Tohoku Fukushima Samurai, snow and sake: Japan’s soul in one land
Easily reached from Tokyo, Fukushima has everything Japan is famous for, including relaxing onsen, sake, cherry blossoms and powder-covered mountain slopes
Fostering unique traditions of food and culture, the fertile lands of Fukushima produce some of Japan's best fruit and sake. Nature is abundant here, and international and local visitors have long been drawn to its famed onsen and pristine wilderness. More recently, winter sports enthusiasts have discovered Fukushima's charms. While the 2011 earthquake and tsunami hit the region hard, the spirit of the samurai culture of the western Fukushima and Aizu regions, and the attitude of persistence and determination has contributed to the recovery of the tourism industry through steady efforts.
How to Get There
Fukushima is easily accessible from Tokyo via the JR Tohoku Shinkansen, as well as regular JR trains, highway buses and by car. If you're coming from further south, such as Kyoto, take the JR Tokaido Shinkansen to Tokyo before transferring. Fukushima Airport serves as the regional airport hub, along with Sendai International Airport to the north.
Fukushima is on the direct JR line from Tokyo, about 1 hour 30 minutes away. For other destinations like Aizu-Wakamatsu and the Urabandai area, including Inawashiro, transfers to local trains or buses at Koriyama usually take about 2 hours and 30 minutes. Fukushima Airport has domestic service to Osaka and Sapporo (ANA and Ibex Airlines).
- The aquamarine colors of Goshikinuma's mineral lakes
- Powder-perfect ski fields in Urabandai
- Samurai history and culture in the medieval castle town of Aizu-Wakamatsu
- The famous hula girls at Iwaki’s Spa Hawaiians Resort
Explore Fukushima by Area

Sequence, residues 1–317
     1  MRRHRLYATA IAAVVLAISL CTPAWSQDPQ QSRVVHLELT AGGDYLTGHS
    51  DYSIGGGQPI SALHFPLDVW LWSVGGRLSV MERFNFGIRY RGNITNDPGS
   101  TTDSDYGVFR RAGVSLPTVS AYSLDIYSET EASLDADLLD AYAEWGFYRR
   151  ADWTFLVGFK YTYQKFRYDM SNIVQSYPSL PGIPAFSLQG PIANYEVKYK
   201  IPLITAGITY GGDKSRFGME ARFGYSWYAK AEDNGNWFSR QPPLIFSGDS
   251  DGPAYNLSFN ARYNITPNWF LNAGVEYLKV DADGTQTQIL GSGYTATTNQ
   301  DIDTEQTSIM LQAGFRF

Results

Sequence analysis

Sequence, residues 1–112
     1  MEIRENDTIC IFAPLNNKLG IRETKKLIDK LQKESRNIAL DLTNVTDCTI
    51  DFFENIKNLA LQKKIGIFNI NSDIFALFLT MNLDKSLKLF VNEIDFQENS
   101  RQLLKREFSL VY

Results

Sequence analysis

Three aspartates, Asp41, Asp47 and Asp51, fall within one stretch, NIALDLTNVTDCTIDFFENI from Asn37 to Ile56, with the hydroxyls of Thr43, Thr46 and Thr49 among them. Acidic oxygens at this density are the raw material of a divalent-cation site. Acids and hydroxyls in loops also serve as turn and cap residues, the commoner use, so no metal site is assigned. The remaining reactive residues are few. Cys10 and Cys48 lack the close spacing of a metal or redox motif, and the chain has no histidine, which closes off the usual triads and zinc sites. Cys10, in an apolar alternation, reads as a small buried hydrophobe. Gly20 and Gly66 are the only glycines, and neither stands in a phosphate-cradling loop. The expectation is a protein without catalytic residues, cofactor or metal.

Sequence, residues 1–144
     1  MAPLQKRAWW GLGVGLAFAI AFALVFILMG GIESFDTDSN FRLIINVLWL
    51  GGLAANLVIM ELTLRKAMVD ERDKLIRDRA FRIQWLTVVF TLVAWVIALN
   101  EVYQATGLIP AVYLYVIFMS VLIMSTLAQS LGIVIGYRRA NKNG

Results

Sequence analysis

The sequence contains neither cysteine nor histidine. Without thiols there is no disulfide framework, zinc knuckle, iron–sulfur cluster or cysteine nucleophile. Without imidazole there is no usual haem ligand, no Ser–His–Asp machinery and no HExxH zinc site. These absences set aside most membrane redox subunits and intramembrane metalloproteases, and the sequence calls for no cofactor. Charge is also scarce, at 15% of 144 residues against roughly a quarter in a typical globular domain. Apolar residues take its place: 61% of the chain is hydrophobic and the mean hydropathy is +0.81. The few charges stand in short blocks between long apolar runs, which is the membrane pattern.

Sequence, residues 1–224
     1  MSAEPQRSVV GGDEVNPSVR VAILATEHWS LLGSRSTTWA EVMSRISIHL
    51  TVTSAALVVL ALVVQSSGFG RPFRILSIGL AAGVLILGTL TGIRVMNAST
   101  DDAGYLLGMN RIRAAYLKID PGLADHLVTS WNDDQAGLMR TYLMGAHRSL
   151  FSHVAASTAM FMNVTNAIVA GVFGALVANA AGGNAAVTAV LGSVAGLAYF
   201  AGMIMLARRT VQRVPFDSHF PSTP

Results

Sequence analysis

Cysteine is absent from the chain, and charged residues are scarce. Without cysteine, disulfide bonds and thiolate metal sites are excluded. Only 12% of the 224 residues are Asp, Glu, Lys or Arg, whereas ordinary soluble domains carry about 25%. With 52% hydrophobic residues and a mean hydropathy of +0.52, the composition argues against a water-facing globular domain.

Trending Attractions in Fukushima
Succulent Matsuba crab owes its rich flavor to cold waters and a plankton-rich environment. If you love crab, make this part of your dining itinerary. Eaten steamed, boiled in a hot pot or as sushi.
Aizu nuri dates back to the late 15th century. Decorative techniques and elaborate designs distinguish this lacquerware. The most striking patterns feature embossed, engraved or painted motifs.
Chewy, curly, hand-kneaded noodles served in a rich soy-based broth. This style of noodles reportedly first appeared at a ramen restaurant in Shirakawa during the Taisho era (1912-1926).
Kitakata ramen is famous for its fat, wavy noodles served in a delicious soy sauce-based broth and topped with slices of barbecued pork and bamboo.
New sake is released between December and March. Home to the nation’s most beloved cherry tree, Fukushima offers some of Japan’s best cherry blossom-viewing possibilities.
In summer, Fukushima hosts the Soma Nomai horse festival in the Soma region (the northern region of the Pacific coast). It is one of the nation's most unique festivals. Juicy peaches and cherries are sweet news for food lovers, while others come for the hiking, surf and sand.
Fall in Fukushima is a colorful affair, with the Bandai Azuma Skyline awash in golds and reds. The festival season continues, while seasonal delicacies such as pears and grapes abound.
The slopes of Mt. Bandai are ready for skiers and snowboarders, and nearby onsen are ideal spots to unwind after a hard day's work. Winter festivals and illuminations brighten the days and nights.